Representation/Misrepresentation II: T*

Ellen Wittlinger’s Parrotfish centers on a month of big changes for high schooler Grady. He’s changed his look; he’s changed his name; and he’s told his parents that he’s not their son, not their daughter. And while he finds that these are “big changes” for everyone around him, he is unable to figure out why his transition has made such an impact in the lives of his friends, family, and classmates. Despite his growing conviction that gender is simply a construct, he is frequently frustrated by the limitations that these constructs enforce. From the very first pages of dialogue, Grady finds that gender is essentialized and prioritized, presented as “the first question”—as it literally does in the opening conversation about his new baby cousin. “Is it a boy or a girl?1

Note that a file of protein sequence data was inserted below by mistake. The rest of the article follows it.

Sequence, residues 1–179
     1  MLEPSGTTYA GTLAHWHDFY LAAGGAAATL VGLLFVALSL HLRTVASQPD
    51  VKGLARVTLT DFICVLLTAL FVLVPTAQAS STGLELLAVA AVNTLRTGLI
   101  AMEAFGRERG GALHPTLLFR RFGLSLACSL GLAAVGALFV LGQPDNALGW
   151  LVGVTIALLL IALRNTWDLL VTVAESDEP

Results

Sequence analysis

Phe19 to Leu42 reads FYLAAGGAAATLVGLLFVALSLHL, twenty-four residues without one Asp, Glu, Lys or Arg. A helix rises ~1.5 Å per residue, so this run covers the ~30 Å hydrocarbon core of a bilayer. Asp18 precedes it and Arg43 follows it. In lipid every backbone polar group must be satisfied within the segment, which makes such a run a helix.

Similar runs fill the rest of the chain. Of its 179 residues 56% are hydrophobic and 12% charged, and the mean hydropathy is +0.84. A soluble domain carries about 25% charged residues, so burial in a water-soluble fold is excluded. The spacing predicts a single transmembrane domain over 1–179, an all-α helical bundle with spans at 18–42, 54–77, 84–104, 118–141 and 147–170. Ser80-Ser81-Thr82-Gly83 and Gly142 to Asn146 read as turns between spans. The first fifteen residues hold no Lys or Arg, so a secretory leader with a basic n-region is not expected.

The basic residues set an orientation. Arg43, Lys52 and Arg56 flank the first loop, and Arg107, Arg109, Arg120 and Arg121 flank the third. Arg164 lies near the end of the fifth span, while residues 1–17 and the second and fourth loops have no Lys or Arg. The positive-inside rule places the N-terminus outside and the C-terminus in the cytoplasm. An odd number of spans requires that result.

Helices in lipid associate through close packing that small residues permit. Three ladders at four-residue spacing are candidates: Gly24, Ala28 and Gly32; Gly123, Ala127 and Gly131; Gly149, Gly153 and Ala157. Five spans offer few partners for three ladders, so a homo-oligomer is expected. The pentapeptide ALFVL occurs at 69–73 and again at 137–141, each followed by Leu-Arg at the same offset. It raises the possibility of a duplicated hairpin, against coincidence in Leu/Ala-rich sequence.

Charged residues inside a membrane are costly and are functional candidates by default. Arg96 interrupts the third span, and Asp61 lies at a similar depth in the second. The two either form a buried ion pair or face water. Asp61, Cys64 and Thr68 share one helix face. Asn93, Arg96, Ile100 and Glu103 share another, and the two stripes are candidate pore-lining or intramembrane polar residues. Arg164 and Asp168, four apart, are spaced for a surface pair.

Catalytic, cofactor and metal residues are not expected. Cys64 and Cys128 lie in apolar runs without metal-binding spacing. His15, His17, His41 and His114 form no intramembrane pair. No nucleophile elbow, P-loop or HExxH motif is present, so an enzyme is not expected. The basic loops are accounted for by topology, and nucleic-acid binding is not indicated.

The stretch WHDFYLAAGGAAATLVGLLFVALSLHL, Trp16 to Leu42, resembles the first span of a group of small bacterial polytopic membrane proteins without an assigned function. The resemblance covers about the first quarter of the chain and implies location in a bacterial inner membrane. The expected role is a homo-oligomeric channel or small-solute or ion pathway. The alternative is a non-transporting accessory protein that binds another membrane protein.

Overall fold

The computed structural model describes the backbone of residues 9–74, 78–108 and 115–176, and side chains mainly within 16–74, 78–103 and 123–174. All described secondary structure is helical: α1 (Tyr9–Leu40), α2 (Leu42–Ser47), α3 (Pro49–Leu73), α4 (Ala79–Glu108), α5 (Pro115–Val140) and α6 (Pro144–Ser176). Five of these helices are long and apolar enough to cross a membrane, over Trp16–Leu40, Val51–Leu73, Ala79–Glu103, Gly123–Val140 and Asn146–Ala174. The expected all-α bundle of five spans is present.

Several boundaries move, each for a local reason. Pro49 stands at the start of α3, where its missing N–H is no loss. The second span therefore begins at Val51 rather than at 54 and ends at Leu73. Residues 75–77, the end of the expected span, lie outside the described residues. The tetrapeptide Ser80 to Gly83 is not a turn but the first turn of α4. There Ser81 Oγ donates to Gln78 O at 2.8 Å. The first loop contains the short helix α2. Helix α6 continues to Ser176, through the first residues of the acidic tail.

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  1. Wittlinger, Ellen. Parrotfish. Simon & Schuster, 2007, p. 3.